If You Build Customer Lifetime Value, They Will Come

Don't weaponize personalization

Let’s imagine, for example, that you’re selling a soft drink. The category typically has two types of buyers: passionate and infrequent. Either you drink soft drinks every day and twice on Sunday, or you have them occasionally when eating lunch. The former kind of customer is of serious interest to the marketer, who will want to reward their loyalty. The latter type, not so much. Those consumers merely need to be reminded of the product and prompted at the right moments to buy, such as when they’re in an amusement park on a hot day.

Today, anyone—especially someone who is selling you marketing technology—will tell you that we have an unprecedented opportunity to reach our customers one-to-one at scale. But just because you can weaponize personalization doesn’t mean you should. Customers of many brands won’t welcome that level of personalization, and it could lead to fragmented communications and inflated production costs. Rather, brands need to harness data to understand the value of their customers and how to be relevant in their lives, not just in the upper part of the purchasing decision funnel.

In fact, it’s time for marketers to stop thinking of personalization in isolation and start thinking about the value of and to the customer first. Customer lifetime value (CLV) is of critical importance in rationalizing any personalization and segmentation strategy. To build it, we need to make a data-rich but realistic determination, even accounting for things like the lack of loyalty among most consumers.

CLV varies greatly from brand to brand, category to category and segment to segment. It also changes based on whether a company has two brands or 22. For example, if the company has many brands, it can use what it knows about Customer A to introduce her to Brand B. And finally, CLV depends on the margin and frequency of purchase of a product or service.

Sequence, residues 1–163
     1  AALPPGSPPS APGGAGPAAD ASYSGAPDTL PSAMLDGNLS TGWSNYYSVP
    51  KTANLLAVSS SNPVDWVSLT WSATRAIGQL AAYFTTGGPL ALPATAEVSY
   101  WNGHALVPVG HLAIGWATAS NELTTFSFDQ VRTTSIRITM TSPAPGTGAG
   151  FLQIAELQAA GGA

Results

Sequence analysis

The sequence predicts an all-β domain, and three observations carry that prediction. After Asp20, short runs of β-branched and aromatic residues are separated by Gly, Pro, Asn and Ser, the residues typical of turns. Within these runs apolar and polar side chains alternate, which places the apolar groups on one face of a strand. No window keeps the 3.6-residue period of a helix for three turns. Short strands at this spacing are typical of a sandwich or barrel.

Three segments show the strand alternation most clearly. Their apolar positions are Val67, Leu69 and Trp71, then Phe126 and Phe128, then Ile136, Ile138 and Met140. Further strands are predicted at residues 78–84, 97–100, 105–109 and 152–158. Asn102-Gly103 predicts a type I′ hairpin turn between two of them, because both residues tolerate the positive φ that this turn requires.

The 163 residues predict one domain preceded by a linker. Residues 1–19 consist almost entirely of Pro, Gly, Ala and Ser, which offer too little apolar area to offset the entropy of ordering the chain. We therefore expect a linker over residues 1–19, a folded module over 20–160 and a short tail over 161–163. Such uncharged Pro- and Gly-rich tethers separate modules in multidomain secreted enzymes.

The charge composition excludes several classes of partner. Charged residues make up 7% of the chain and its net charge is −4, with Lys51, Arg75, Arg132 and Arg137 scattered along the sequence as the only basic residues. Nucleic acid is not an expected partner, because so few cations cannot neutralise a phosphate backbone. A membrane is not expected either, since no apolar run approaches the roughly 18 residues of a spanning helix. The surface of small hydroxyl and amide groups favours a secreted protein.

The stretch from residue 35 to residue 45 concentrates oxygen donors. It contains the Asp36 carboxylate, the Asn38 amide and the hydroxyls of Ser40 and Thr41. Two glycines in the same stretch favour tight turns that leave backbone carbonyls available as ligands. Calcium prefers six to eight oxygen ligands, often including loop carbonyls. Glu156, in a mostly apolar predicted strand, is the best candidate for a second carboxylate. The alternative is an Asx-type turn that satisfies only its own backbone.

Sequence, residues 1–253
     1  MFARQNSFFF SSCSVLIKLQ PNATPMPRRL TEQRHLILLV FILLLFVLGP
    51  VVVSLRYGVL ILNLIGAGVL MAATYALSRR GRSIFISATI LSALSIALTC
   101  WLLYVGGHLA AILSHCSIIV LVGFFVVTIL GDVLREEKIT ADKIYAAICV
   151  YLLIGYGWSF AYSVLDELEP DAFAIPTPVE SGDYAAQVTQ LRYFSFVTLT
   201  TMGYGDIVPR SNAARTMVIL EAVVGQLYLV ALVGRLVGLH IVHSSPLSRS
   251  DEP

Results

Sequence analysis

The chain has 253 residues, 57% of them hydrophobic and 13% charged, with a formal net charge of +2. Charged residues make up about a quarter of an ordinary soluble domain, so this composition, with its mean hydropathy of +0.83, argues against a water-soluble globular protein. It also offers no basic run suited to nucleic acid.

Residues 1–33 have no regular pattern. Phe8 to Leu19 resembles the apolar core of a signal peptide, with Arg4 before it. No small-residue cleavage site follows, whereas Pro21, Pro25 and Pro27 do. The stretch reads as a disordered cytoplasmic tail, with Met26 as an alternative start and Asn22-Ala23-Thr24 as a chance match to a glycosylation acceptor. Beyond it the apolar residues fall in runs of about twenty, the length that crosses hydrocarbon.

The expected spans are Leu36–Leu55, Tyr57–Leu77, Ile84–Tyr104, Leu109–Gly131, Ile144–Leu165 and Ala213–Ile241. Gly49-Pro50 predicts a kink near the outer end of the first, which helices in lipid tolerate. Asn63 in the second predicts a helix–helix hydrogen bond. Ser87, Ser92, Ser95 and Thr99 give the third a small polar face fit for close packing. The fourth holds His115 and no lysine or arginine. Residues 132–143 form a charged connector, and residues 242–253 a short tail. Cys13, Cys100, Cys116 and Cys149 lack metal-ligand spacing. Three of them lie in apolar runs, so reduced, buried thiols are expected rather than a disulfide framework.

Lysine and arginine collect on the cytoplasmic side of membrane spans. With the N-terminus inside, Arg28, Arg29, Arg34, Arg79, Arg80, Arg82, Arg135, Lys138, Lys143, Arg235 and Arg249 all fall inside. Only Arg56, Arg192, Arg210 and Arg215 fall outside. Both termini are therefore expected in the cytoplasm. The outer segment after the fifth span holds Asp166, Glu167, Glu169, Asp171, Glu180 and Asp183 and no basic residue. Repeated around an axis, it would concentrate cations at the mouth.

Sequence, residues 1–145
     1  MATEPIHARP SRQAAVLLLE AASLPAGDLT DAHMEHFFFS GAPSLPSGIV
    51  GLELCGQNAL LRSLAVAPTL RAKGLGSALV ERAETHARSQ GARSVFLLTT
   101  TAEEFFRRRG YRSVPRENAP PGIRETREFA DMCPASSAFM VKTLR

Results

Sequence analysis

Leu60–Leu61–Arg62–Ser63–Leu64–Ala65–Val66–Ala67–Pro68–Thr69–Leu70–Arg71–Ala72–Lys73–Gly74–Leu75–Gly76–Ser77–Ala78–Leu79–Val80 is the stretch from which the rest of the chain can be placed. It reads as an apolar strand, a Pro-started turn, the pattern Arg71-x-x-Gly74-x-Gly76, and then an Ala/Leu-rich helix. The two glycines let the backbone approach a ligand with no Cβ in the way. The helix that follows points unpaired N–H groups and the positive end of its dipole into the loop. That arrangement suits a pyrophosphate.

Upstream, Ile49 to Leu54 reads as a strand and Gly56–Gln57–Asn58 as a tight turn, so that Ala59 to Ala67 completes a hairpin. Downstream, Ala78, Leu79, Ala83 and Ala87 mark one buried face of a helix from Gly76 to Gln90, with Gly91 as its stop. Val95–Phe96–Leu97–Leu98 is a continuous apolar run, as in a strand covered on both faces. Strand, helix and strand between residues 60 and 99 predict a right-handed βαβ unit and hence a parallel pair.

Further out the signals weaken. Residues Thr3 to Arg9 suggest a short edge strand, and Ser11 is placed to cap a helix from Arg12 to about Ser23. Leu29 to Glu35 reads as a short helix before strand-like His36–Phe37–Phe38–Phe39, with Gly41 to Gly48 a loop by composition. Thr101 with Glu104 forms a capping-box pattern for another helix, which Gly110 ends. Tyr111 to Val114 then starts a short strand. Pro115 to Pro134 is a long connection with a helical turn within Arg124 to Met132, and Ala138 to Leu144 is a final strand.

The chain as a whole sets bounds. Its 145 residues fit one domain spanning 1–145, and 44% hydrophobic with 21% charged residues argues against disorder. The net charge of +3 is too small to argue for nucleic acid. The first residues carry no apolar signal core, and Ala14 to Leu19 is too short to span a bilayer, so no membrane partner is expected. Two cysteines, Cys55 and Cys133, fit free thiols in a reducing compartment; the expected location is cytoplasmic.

Once you understand the value of a customer, you can then come up with a segmentation strategy. It wouldn’t make sense as an investment. There is, however, a right segmentation strategy for your brand. You merely need to find it.

In other words, rather than following the lofty ideal of the right message to the right person at the right time, brands need to find the optimized level at which they can be helpful and meaningful to consumers. The right segmentation model might have seven categories or just one. It all depends on the product or service you’re selling. Is it expensive or high volume, frequently purchased or not, and high or low margin? Every customer for a luxury yacht is different, but most people buy soap for the same reason. You should invest in personalization for the first, but you wouldn’t want to segment too much for the second.

You might argue in a modern context, you want to build a relationship with your customer even if they don’t have much value and still need to connect with them emotionally to make a lasting bond. Such an argument is more from the world of logic than science. It’s important to understand that you’re not building a relationship with anyone. That’s a metaphorical concept that comes with a lot of baggage best left aside.

Research has shown that most people have loose relationships with brands. They may say they want deeper connections, but they rarely make them. Instead, it’s more important to be relevant when it matters most. We can use the data at our disposal to find those critical points and signals when our message will resonate. This can be as simple as selling umbrellas on a rainy day or as complicated as determining the emotional state of a person who really wants a product but is reluctant to buy.

That doesn’t necessarily mean that you’re particularly granular. You can easily be relevant to a large group of people in the same way at different times. The key is to find out when it’s best to be present and make sure your brand is in the consideration set at purchasing time and consistently adds value in their lives on their terms. When it comes to CLV, the entire customer experience is likely more important to a brand than precision marketing and one-to-one at scale.

Currently, too many people talk about personalization as a goal in and of itself. It should never be. Every brand has an appropriate level of personalization based on the value of the customer. Data today can identify that level of personalization and drive outsized returns. But we need to realistic about how much is too much, and instead seek to be personally relevant and valuable to consumers—and relax about personalization.